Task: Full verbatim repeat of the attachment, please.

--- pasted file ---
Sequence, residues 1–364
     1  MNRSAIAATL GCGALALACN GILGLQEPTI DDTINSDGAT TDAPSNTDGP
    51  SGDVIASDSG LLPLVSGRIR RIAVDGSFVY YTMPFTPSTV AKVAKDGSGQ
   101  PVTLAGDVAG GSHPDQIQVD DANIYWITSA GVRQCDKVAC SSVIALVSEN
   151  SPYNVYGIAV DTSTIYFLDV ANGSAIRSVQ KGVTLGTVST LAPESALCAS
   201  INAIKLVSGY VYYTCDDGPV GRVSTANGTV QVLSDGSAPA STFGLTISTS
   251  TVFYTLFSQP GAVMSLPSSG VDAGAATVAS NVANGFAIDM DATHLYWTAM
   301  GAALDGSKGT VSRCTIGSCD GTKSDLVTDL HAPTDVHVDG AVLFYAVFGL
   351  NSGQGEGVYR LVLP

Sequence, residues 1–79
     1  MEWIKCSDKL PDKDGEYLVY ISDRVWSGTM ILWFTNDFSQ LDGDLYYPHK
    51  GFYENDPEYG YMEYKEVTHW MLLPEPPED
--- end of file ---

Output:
Sequence, residues 1–364
     1  MNRSAIAATL GCGALALACN GILGLQEPTI DDTINSDGAT TDAPSNTDGP
    51  SGDVIASDSG LLPLVSGRIR RIAVDGSFVY YTMPFTPSTV AKVAKDGSGQ
   101  PVTLAGDVAG GSHPDQIQVD DANIYWITSA GVRQCDKVAC SSVIALVSEN
   151  SPYNVYGIAV DTSTIYFLDV ANGSAIRSVQ KGVTLGTVST LAPESALCAS
   201  INAIKLVSGY VYYTCDDGPV GRVSTANGTV QVLSDGSAPA STFGLTISTS
   251  TVFYTLFSQP GAVMSLPSSG VDAGAATVAS NVANGFAIDM DATHLYWTAM
   301  GAALDGSKGT VSRCTIGSCD GTKSDLVTDL HAPTDVHVDG AVLFYAVFGL
   351  NSGQGEGVYR LVLP

Sequence, residues 1–79
     1  MEWIKCSDKL PDKDGEYLVY ISDRVWSGTM ILWFTNDFSQ LDGDLYYPHK
    51  GFYENDPEYG YMEYKEVTHW MLLPEPPED